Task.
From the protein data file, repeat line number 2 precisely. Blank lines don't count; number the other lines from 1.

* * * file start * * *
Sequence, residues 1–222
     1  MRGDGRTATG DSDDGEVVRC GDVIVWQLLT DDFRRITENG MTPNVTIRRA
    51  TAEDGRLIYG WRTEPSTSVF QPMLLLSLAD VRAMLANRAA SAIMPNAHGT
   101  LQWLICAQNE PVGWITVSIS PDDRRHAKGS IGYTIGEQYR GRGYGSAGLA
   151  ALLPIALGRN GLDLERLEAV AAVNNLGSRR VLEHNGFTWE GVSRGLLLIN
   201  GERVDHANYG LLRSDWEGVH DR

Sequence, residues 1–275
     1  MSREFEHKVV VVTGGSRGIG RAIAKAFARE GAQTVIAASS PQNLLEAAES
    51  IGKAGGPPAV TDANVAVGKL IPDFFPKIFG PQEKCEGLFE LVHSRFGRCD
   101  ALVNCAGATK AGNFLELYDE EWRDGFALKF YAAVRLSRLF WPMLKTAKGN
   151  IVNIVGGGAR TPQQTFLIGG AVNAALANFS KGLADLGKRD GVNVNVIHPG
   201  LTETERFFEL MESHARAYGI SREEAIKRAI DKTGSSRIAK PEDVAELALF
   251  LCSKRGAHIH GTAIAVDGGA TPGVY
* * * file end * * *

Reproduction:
     1  MRGDGRTATG DSDDGEVVRC GDVIVWQLLT DDFRRITENG MTPNVTIRRA